atlantspan

Like most involved New Yorkers, Mapos has been keenly following the developments at the Atlantic Yards in Brooklyn. In Ouroussoff’s latest blip in the Times, he rightly lambasts the latest turn of events. Like the Hudson Yards and Ground Zero before (and Penn Station, Lincoln Center, ad infinitum, save Rockefeller Center), large scale urban developments go the way of Darwin on Spike TV: large, strong, and dumb.

I have always felt bad for Beyer Blinder Belle, the competent, thoughtful firm who’s first proposals for Ground Zero were thrown under the bus. To be sure, I was no friend of their schemes. They were boxy, unimaginative, boring, and not fit for the emotional spotlight worthy of the new development. Enter the invited competition of starchitects – and even better, teams of starchitects working together! – to wow us with their skill and vision. I applauded the process and felt that finally, somebody was doing something right. We all remember Daniel Liebeskind won, as he should.  His scheme showed bravado, talent, hope, excitement, and plenty of emotion. Does anyone remember what happened in the ensuing years? Liebeskind’s masterplan was slowly compromised by money, special interests, and vocal critics close to the project, including the newly paranoid police department. It became the master plan of the LCD (lowest common denominator) and highly, highly, reminiscent of Beyer Blinder Belle’s original plan. (Oh, the way the cookie crumbles. I hope the suits at BBB have pre-printed “I told you so” greeting cards.) It is a shame, a downright public shame, that real imaginative development just can’t seem to happen. I feel happy for BBB that they were vindicated, but I feel worse for us, the citizens and visitors to New York. We will never be allowed to walk the dynamic vision that actually won the competition.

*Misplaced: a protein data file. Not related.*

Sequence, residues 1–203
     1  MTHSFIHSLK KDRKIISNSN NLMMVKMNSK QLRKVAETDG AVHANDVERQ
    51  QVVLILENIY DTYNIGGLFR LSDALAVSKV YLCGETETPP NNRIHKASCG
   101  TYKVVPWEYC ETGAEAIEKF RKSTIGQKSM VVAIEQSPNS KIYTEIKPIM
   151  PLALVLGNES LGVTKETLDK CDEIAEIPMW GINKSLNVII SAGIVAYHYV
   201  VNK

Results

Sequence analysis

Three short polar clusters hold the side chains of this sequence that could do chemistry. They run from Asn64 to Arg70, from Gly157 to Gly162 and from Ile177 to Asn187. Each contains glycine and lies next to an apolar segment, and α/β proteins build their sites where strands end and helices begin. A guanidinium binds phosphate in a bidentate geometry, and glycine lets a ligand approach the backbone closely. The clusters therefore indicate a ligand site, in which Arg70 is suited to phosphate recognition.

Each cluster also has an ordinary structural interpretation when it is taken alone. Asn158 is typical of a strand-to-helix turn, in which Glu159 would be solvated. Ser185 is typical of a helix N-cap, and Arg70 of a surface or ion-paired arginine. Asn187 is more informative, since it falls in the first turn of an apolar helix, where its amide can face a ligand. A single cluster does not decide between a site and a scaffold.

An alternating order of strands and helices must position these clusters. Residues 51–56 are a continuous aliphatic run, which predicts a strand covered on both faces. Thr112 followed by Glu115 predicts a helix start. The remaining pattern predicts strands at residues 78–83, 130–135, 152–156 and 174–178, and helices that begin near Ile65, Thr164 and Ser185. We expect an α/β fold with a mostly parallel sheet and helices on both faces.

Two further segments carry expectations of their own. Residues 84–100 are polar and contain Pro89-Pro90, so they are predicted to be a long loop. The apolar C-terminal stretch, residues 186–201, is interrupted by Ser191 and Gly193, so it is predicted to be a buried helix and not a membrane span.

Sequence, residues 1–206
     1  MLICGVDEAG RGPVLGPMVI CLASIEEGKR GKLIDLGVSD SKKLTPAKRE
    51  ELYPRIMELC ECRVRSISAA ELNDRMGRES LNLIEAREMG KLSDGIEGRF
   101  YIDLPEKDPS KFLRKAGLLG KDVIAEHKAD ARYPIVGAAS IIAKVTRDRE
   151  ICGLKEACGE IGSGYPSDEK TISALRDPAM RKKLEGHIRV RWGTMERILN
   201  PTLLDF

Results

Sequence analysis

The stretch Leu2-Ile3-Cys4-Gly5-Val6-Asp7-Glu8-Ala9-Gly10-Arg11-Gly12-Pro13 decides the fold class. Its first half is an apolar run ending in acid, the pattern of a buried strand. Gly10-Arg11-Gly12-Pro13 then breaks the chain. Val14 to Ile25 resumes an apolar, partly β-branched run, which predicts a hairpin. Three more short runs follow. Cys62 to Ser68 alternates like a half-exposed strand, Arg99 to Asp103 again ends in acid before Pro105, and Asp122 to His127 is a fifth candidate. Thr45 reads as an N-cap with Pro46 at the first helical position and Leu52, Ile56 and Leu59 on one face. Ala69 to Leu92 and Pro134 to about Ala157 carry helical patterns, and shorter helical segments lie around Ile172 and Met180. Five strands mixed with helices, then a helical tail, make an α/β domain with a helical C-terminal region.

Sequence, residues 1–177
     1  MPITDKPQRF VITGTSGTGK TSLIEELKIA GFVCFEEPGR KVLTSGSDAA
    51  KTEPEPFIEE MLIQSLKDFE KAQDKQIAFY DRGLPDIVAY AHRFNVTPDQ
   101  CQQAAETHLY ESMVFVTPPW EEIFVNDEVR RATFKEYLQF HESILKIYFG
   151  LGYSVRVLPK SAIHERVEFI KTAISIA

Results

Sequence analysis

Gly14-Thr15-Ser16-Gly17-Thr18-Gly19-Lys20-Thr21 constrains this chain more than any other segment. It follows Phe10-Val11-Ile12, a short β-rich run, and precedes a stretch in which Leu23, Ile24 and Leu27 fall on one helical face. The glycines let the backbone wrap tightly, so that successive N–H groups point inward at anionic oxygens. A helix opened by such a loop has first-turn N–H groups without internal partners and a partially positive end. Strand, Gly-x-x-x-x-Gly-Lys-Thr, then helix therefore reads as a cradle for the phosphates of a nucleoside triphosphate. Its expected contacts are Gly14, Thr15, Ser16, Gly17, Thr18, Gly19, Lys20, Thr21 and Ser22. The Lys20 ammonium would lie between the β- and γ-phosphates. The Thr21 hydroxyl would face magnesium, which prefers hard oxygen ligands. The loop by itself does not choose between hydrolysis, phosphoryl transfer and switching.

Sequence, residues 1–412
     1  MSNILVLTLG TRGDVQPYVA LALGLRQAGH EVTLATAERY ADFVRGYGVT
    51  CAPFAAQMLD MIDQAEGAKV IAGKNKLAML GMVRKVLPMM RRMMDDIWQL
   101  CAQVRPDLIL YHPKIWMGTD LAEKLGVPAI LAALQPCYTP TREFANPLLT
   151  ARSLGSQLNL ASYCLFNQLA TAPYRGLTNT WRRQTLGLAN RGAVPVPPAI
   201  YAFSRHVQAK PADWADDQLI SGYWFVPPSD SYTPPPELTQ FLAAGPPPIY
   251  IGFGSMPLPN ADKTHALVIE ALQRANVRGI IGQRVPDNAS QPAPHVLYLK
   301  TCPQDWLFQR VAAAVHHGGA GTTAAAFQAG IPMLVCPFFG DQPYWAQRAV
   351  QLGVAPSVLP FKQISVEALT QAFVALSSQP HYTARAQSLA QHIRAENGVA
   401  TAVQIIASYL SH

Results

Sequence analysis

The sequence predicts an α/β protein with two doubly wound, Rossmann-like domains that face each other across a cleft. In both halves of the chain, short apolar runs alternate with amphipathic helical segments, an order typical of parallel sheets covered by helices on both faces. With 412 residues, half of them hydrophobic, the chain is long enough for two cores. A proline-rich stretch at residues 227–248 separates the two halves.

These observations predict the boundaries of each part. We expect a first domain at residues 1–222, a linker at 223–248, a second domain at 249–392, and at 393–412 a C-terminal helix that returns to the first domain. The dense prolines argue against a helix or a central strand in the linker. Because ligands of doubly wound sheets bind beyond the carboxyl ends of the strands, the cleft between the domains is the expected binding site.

Back at Atlantic Yards, I was never a fan of Frank Gehry’s masterplan for one simple reason: homogeneity. It was all designed by one man (read: one firm) and no singular entity should have that much control (see Robert Moses). Like a good meal, cities are made with diversity and the right mix of different ingredients. If pressed, however, I will admit with Ourroussof that Gehry’s scheme was appropriately “urban.” It involved layered spaces and complex spatial relationships. It was not your father’s urban infill. All that is gone now. Beyer Blinder Belle, taking a turn as Ellerbe Becket, has the last laugh again. What is left is a Home Depot with a basketball court inside. In the center of Brooklyn. In the center of OUR city. Beyer Blinder Belle and Ellerbe Becket may be right. In fact, they ARE right. They knew all along that left to its own devices, human nature will succumb to corporate decision making and bland, boring, SAFE conculsions. I hate that they are right.

Advertisements